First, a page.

New Castle’s Gun Violence Awareness Day: ‘We Have Had Enough’

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Erin Fuller Brian speaks at the New Castle Gun Violence Awareness Day program on Friday in Chappaqua. Brian survived the 2017 mass shooting in Las Vegas that killed 58 people.

By Nora Lowe

On Friday, New Castle observed National Gun Violence Awareness Day at the gazebo in downtown Chappaqua.

This year’s annual “Wear Orange” event was held against the backdrop of the shooting in Uvalde, Texas that claimed the lives of two teachers and 19 elementary school students, as well as other recent shootings in Buffalo and Tulsa.

The atmosphere at the gazebo oscillated between solemn moments of silence and frustrated, impassioned calls for political action. Speakers included clergy, elected officials, activists and police personnel.

“We mourn for the loss of schools and workplaces as safe harbors and peaceful environments of gathering,” said Temple Beth El Rabbi Jonathan Jaffe during the opening prayer.

New Castle Town Supervisor Lisa Katz welcomed attendees but wished it was for another occasion.

“I love gathering with our community, but I’m not really happy to be gathering here today,” Katz aid. The event served as “a stark reminder of the horror” taking place around the country, she said.

Uvalde, Tulsa and Buffalo join a long list of other communities that have been torn apart, names of places that have become synonymous with gun violence, such as Newtown, Parkland, Aurora, El Paso, Dayton, San Bernardino, Las Vegas, Charleston and Virginia Tech and Columbine, among others.

“When it comes to the safety of our children and fellow citizens, the toxic, hyper-partisan politics of the day must be set aside,” Katz said.

Keynote speaker Erin Fuller Brian recounted her own harrowing experience as a survivor of the 2017 Las Vegas mass shooting in which 58 concert-goers were murdered.

The Pleasantville resident and mother of two described the aftermath of the experience: struggles with PTSD, nightmares, panic attacks, social isolation and survivor’s guilt. Anxiety is an ongoing battle.

She points to “Washington gridlock” as a root cause of the issue.

“This is unacceptable. This is negligence…We have had enough,” Brian said.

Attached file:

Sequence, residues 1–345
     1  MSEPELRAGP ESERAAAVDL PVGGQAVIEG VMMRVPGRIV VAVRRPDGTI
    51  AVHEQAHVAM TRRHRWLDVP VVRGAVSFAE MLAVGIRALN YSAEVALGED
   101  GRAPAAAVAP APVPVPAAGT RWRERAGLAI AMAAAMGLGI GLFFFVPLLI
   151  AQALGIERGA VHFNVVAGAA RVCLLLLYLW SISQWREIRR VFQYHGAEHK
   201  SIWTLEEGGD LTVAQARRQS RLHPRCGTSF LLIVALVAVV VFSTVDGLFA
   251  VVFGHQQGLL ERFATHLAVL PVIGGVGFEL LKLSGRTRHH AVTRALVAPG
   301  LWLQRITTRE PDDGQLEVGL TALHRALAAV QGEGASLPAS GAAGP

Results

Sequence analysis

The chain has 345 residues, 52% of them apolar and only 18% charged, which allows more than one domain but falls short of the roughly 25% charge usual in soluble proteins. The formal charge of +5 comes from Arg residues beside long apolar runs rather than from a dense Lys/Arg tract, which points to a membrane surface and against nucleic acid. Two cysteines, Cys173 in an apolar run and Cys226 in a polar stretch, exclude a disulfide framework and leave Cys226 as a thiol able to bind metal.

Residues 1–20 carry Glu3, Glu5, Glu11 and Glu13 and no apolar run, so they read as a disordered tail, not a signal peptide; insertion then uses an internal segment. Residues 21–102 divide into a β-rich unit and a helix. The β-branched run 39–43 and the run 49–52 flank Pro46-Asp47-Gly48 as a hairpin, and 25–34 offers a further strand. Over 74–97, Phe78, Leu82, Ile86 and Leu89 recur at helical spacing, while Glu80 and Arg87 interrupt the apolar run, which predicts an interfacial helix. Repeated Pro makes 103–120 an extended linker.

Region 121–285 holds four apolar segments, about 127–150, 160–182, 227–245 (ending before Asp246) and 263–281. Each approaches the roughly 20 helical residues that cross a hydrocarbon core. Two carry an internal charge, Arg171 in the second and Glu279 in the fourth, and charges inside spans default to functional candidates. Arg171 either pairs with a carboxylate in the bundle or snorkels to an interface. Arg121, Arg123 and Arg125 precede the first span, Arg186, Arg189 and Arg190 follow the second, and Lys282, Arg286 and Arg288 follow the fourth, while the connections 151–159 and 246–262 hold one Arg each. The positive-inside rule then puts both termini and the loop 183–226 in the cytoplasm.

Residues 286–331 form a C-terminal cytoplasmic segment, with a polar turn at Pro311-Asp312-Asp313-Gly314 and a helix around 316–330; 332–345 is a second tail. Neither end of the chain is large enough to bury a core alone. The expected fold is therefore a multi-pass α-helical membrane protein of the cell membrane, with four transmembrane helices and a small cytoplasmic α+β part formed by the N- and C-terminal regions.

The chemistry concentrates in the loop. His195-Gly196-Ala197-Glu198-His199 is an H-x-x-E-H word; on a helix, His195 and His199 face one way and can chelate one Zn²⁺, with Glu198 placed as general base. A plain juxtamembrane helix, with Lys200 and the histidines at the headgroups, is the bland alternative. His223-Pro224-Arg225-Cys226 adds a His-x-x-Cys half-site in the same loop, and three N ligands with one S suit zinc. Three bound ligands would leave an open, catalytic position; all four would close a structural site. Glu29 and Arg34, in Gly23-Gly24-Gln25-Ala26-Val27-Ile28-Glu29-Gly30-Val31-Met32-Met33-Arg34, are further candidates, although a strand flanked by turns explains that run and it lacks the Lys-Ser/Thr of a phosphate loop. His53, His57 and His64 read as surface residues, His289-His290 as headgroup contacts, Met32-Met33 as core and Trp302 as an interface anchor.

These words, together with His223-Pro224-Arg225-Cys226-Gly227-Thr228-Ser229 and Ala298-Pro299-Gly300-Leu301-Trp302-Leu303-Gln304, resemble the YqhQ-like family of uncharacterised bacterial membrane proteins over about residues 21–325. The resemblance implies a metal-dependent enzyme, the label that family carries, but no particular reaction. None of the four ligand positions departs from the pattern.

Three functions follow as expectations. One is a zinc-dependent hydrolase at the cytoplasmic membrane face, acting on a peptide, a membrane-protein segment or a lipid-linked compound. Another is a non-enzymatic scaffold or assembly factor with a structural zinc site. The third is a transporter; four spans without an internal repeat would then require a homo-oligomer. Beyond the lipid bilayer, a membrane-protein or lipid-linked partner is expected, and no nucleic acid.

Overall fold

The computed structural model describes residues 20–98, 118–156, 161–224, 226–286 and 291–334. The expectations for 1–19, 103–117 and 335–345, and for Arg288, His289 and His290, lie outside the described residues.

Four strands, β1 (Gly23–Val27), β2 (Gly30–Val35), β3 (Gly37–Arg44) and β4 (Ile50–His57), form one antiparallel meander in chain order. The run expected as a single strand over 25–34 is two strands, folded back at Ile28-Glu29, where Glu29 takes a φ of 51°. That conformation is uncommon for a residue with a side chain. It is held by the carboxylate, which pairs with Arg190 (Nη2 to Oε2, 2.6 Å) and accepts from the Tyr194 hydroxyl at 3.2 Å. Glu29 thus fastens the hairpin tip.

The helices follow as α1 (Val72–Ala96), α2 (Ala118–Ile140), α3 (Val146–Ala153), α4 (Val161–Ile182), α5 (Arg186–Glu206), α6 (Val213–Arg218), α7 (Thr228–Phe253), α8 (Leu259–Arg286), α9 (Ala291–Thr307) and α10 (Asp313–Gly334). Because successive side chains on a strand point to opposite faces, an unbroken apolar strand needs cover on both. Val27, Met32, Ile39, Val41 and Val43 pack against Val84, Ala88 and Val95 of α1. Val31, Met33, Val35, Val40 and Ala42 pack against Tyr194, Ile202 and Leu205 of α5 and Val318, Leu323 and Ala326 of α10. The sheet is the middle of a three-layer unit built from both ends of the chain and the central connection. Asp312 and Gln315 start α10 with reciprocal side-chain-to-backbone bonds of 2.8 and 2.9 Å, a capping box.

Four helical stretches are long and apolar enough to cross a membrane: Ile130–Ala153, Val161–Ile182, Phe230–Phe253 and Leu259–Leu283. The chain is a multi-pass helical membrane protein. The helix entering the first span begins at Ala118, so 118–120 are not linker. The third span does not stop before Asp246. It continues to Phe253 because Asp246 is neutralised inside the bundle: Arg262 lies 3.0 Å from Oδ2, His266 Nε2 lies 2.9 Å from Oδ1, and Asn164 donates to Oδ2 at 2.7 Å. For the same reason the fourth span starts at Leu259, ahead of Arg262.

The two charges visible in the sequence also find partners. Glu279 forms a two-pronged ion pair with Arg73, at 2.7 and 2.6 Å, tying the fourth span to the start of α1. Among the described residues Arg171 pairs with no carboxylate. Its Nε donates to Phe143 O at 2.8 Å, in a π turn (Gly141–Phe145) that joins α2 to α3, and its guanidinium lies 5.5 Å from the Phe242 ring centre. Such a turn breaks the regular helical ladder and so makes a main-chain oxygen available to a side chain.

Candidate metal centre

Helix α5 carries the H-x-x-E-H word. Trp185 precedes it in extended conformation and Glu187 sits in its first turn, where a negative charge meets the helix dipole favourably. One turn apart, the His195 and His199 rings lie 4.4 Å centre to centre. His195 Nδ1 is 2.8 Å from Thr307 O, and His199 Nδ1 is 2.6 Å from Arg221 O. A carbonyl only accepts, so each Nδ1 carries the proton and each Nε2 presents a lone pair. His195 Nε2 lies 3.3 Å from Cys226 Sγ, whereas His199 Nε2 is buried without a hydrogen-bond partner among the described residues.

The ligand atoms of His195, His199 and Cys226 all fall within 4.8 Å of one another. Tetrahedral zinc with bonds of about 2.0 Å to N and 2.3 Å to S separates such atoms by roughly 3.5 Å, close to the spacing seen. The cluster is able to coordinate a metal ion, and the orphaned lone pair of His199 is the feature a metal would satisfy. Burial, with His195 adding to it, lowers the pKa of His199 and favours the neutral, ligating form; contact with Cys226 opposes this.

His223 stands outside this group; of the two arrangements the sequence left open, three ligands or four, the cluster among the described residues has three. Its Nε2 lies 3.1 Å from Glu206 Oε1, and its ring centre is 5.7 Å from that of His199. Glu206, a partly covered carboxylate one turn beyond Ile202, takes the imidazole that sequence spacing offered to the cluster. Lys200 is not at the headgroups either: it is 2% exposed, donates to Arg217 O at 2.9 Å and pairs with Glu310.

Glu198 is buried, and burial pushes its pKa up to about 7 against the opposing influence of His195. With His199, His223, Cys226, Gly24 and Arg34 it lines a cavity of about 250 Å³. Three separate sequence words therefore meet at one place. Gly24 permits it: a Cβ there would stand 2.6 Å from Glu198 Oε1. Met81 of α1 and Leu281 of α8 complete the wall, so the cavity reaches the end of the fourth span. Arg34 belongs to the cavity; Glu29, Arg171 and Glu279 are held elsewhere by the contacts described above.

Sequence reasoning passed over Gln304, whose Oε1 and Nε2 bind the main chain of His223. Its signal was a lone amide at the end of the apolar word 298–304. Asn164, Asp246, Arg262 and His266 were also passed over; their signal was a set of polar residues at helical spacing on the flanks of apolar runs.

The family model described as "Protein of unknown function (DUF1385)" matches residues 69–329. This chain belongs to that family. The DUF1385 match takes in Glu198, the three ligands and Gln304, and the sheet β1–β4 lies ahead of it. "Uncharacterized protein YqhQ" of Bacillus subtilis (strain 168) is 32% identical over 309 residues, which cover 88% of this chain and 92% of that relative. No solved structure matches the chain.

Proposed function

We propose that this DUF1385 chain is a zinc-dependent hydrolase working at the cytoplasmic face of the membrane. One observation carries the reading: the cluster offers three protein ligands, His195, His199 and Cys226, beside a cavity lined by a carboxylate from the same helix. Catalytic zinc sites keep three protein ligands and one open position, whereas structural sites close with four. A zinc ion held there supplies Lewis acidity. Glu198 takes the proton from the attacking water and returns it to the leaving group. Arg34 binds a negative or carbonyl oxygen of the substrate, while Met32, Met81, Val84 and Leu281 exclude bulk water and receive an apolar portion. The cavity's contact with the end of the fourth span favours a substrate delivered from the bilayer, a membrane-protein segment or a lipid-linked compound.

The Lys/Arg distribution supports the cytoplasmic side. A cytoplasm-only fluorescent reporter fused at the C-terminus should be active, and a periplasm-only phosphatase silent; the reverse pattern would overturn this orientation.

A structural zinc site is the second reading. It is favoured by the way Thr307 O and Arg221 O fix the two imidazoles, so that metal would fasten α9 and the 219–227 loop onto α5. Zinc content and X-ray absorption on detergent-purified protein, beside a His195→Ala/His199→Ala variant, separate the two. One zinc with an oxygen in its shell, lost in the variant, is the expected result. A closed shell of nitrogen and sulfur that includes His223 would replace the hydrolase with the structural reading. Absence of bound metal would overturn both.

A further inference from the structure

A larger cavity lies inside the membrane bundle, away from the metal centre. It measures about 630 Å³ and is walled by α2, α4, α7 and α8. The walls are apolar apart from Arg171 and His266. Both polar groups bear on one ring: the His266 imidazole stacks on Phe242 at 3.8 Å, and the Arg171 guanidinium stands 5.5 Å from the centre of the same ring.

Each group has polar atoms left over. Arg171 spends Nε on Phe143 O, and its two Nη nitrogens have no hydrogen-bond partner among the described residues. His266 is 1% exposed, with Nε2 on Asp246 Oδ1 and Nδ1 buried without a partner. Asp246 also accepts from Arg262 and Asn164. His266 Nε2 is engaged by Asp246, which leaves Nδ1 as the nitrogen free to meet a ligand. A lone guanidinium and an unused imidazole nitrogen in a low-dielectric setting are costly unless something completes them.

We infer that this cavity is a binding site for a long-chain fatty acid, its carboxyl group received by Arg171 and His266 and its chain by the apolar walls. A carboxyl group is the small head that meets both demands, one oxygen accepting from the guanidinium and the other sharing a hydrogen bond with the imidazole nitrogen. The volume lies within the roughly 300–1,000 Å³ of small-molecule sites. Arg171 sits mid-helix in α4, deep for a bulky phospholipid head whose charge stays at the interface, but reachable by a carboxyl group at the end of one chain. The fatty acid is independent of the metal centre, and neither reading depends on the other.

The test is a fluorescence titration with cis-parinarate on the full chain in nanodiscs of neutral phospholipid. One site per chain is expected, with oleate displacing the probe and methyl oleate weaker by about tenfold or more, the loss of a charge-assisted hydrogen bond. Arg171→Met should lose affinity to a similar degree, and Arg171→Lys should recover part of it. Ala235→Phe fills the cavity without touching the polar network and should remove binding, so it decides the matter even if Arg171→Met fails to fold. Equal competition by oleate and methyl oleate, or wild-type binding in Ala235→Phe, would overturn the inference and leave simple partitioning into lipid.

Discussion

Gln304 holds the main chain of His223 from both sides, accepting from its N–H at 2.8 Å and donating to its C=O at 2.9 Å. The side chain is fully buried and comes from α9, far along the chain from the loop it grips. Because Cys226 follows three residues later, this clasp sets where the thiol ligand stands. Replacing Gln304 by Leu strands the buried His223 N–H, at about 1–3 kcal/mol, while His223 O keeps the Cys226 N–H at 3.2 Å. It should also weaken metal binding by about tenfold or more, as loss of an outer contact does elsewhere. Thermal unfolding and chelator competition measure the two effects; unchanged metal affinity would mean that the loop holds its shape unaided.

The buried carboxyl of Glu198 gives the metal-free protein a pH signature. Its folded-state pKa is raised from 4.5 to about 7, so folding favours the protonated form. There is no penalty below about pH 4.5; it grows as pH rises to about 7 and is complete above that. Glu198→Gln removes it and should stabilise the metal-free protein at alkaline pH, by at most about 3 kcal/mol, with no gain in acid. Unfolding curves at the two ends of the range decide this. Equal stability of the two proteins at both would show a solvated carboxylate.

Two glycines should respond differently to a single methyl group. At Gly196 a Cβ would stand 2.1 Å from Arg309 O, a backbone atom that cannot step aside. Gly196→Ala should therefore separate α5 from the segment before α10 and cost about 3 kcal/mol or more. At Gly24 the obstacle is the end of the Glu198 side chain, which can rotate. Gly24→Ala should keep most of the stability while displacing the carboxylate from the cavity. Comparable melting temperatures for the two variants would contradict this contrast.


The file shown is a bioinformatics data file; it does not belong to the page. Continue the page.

She urged attendees to donate to organizations such as Brady: United Against Gun Violence, attend March for Our Lives events, vote and call representatives to “remind them that they work for us.”

County Executive George Latimer emphasized that “Sandy Hook could have easily been any suburban town in Westchester County.” Despite pride over county and state progress, he said he was concerned about the ease with which firearms are illegally transported across state borders.

State Sen. Peter Harckham (D-Lewisboro) announced the recent approval of 10 bills in the state legislature, which he soon expects the governor to sign into law. Some changes include raising the minimum age to purchase a semi-automatic weapon from 18 to 21 and banning the purchase of body armor.

New Castle Police Chief James Carroll lamented how “gun deaths in our country are occurring at a staggering pace” and how in the U.S., “children are far more likely to die of gun violence than any other cause.”

Moms Demand Action volunteer Naomi Marrow said the rash of mass shootings has altered her routine when visiting movie theaters. Previously, she would make note of where the bathrooms were located.

“Now, I make sure I know where the exits are,” Marrow said. “That is obscene. It has become a dangerous world.”

During the late afternoon program, a boys’ baseball team played in the field adjacent to the gazebo, and children fiddled with symbolic orange pinwheels.

“They are our future, and they’re the ones we need to protect,” Katz said.

At a recent meeting, the New Castle Town Board adopted a proclamation designating June 3 as National Gun Violence Awareness Day in the town.

 

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